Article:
7. What are the legal conditions to obtain a trade mark and which legislation applies? What cannot be registered as a trade mark and can a medicinal brand be registered as a trade mark?

Conditions and legislation

Legislation. The relevant legislation governing UK trade mark law is the Trade Marks Act 1994, which implements Directive 2008/95/EC relating to the approximation of national trade mark laws throughout the EU.

Conditions for registration. Medicinal brands, like other brands, can be registered as UK trade marks if they meet certain pre-requisite conditions, unless a specific ground of refusal exists.

The conditions are that (section 1(1), Trade Marks Act 1994):

  • There is a sign.

  • Which is capable of being represented graphically.

  • Which is capable of distinguishing the goods or services of one undertaking from the goods and services of another undertaking.

The grounds for refusal are split into two categories:

  • The absolute grounds of refusal, which relate to the inherent qualities of the sign.

  • The relative grounds of refusal, which relate to conflicts with earlier trade mark rights owned by third parties.

Under the absolute grounds of refusal, the following will be refused UK trade mark registration (section 3, Trade Marks Act 1994):

  • Signs which are devoid of distinctive character, exclusively descriptive, or commonly or customarily used in the current language or in the relevant trade (unless it can be shown that, before the date of application for registration, the sign has acquired a distinctive character as a result of the use made of it).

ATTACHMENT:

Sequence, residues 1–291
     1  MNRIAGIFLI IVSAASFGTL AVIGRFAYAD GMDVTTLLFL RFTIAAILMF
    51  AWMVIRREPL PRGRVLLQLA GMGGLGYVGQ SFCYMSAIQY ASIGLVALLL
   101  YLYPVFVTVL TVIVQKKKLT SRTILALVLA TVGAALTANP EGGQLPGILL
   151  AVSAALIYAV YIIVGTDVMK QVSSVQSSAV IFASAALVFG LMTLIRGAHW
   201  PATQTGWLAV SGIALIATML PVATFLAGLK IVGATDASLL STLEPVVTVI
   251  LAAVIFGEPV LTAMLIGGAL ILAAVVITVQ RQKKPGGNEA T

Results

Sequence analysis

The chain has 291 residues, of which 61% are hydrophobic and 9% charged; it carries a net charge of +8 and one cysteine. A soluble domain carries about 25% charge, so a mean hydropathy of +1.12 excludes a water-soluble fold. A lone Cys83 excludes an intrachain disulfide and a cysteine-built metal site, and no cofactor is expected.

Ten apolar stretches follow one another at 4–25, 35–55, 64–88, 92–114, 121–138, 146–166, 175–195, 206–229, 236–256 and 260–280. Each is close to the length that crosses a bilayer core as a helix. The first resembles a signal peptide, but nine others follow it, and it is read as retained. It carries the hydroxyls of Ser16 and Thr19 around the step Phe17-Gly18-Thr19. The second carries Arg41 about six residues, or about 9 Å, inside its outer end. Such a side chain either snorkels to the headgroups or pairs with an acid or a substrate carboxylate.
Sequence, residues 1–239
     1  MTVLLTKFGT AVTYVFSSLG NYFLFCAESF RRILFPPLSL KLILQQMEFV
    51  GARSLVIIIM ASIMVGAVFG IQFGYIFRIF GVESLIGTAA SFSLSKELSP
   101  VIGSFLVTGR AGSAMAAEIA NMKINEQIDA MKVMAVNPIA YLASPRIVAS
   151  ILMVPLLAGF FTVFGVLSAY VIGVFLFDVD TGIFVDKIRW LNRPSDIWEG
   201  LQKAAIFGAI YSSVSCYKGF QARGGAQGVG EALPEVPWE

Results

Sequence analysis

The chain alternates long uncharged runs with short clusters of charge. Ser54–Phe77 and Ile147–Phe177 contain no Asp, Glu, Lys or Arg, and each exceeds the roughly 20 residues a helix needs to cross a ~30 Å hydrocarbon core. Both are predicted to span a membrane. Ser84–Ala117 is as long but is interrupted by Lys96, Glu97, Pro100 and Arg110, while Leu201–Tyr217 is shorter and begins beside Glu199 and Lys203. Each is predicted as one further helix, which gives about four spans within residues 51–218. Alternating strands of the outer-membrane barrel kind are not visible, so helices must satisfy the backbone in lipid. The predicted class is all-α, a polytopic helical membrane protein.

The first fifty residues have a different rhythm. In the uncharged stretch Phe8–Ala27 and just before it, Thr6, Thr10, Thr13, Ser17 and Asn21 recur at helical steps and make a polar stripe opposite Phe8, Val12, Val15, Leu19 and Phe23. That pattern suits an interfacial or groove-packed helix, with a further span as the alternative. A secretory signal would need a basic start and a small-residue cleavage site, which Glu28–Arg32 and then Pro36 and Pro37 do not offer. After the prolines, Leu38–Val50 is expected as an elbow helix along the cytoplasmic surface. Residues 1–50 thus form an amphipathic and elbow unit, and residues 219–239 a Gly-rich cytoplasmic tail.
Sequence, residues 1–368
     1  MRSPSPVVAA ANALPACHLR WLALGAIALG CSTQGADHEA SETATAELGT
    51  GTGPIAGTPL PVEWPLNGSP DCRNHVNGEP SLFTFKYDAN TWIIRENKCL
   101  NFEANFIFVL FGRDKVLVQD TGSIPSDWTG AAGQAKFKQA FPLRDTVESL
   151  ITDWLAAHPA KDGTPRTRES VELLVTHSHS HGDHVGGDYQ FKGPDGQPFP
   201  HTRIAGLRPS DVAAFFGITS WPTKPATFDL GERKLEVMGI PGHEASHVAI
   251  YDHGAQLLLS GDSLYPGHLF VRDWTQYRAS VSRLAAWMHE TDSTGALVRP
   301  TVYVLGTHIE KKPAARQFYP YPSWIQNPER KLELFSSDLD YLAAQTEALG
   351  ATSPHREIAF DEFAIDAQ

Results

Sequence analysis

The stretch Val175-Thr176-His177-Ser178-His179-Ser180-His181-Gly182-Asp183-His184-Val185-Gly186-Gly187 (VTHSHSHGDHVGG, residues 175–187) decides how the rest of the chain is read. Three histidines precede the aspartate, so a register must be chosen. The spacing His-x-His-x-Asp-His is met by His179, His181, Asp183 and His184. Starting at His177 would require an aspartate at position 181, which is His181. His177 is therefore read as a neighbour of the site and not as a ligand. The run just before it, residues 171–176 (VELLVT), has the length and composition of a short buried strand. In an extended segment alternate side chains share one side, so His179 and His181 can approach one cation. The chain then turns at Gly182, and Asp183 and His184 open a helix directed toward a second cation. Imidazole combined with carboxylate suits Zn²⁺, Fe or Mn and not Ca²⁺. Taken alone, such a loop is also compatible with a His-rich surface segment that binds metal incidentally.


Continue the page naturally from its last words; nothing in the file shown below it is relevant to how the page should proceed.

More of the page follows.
• Signs which consist exclusively of a shape which results from the nature of the goods, is necessary to obtain a technical result, or which gives substantial value to the goods.

  • Signs which are deceptive or contrary to public policy or morality.

  • Signs contrary to any enactment or rule of UK or EU law.

  • Signs which are specifically protected emblems.

  • Signs which are the subject of an application for registration made in bad faith.

Under the relative grounds of refusal, the following will be refused UK trade mark registration (section 5, Trade Marks Act 1994):

  • Signs which are identical to an earlier trade mark registered for identical goods or services.

  • Signs which are identical or similar to an earlier trade mark registered for identical or similar goods or services, and where there is a likelihood of confusion with the earlier mark.

  • Signs which are identical or similar to an earlier trade mark, where the earlier trade mark has a reputation in the UK and the use of the later mark without due cause would take unfair advantage of, or be detrimental to, the distinctive character or repute of the earlier trade mark.

  • Signs which if used in the UK would be liable to be prevented due to any rule of law (in particular, passing off) or an earlier right (in particular, copyright, design right or unregistered designs).

Scope of protection

In addition to meeting the legal conditions under the Trade Marks Act 1994 set out above, invented medicinal brand names must comply with the regulatory guidelines set out in the:

  • MHRA Guideline for the Naming of Medicinal Products and Braille Requirements for Name on Label.

  • EMA Guideline on the acceptability of names for human medicinal products processed through the centralised procedure.

The MHRA and EMA guidelines provide that invented medicinal brand names should:

  • Not be liable to confusion with the common name or the name of any other medicinal product.

  • Not be misleading as to the therapeutic effects, composition or safety of the product.